Friday, July 17, 2009

Looking for a Savior


A common statement that the lay leaders of a church in crisis often make is, “If we can just get the right pastor, we can pull out of this slump.” In How the Mighty Fall, Jim Collins points out that it is not unusual for an organization that has started on the road to decline to “grasp for a leader as savior.” The organization “responds to threats and setbacks by searching for a charismatic leader and/or outside savior.”

Certainly the “right” leader can make a difference, but only if he or she does the “right” things. What can a leader do in a situation where the church or organization is already in decline?

First, we need to remember that the basic definition of a leader is “one who has followers.” Key people need to commit to work with the leader to address the situation. If church leadership expects the new pastor to solve all their problems single-handed, they set the pastor up for failure. Those who have a stake in the situation need to make a commitment to make the sacrifices possible for the pastor (and the church) to turn around the situation.

Second, the new leader must consider the context. In a church, a new pastor needs some time to get settled and really understand what is going on. This is where an intentional interim pastor can help a church. Rather than rushing to find a new pastor to “fix” the problem, a competent intentional interim can help the church assess its situation and pass this information on to the new pastor. This may include clarifying the church’s understanding of its context, mission, demographics, history, or community. In fact, this type of information can assist the pastor search process to make a more informed choice of pastoral candidates.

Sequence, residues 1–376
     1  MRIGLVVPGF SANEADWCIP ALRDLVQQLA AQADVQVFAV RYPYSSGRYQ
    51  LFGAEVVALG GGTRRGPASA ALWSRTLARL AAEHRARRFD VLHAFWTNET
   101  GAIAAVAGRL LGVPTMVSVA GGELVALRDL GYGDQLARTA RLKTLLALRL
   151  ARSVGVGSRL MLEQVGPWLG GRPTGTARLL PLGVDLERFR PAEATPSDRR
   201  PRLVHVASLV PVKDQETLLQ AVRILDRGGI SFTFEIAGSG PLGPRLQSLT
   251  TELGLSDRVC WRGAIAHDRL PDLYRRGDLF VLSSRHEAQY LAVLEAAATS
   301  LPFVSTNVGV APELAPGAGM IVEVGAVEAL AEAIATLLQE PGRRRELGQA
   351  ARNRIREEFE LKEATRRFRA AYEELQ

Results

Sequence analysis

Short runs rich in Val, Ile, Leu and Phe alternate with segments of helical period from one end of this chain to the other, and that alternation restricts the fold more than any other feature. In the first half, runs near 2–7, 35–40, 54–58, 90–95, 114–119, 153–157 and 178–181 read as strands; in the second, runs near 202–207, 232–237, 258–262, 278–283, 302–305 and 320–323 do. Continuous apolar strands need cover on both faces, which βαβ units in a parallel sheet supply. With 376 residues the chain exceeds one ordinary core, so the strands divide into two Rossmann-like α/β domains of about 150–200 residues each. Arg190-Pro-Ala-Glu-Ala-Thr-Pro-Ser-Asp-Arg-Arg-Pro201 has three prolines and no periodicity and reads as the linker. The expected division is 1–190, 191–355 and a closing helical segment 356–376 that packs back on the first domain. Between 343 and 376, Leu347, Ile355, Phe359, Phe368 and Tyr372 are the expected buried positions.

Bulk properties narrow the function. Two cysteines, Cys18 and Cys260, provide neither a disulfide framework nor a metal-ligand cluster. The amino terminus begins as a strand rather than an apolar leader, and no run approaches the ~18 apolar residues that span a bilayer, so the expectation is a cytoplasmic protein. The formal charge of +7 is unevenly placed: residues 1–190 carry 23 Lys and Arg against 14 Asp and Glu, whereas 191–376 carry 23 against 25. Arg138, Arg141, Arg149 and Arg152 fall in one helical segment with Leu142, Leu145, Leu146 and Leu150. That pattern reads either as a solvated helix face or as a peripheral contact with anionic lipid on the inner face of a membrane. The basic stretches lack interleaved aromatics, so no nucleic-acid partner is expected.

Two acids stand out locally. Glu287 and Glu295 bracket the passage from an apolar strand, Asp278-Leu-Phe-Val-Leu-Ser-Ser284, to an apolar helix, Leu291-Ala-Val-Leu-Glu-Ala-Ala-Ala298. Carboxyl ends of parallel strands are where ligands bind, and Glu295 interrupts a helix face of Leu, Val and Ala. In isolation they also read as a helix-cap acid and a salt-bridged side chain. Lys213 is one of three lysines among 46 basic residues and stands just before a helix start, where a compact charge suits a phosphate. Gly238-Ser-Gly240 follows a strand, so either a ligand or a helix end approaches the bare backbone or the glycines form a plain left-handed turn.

Third, the new leader has to build a team. A leader can fail on his or her own, but a leader needs the support of others to succeed. Leadership is not a task done in isolation. As Collins comments, getting the “right people on the bus” is always important, but in a church the riders may already be there and are not getting off. The riders include both lay leaders and staff members. The new pastor has to deal with both. He or she must build rapport with lay leaders while molding current staff into a team of which the pastor is an integral part. This can be difficult, intentional work.

Fourth, the new leader must build consensus around a renewed vision for the church or organization. Such a vision must be realistic but challenging. A new pastor must help the church see that there is hope for the future but bringing that hope to fruition will require sacrifice and hard work.

Fifth, the new leader must lead the organization to act. Visioning, strategic planning, and other efforts to refocus the church are inspiring, but the church must ultimately take action on these plans. When it comes time to act, the pastor will find out if the situation has been realistically assessed, if the team (lay and staff) is on board, and if there is consensus that will support action.

Collins points out that the leaders of one turnaround company understood that “rebuilding greatness requires a series of intelligent, well-executed actions that add up one on top of another. . . . Most ‘overnight success’ stories are about twenty years in the making.” Maybe “patience” is the sixth step!

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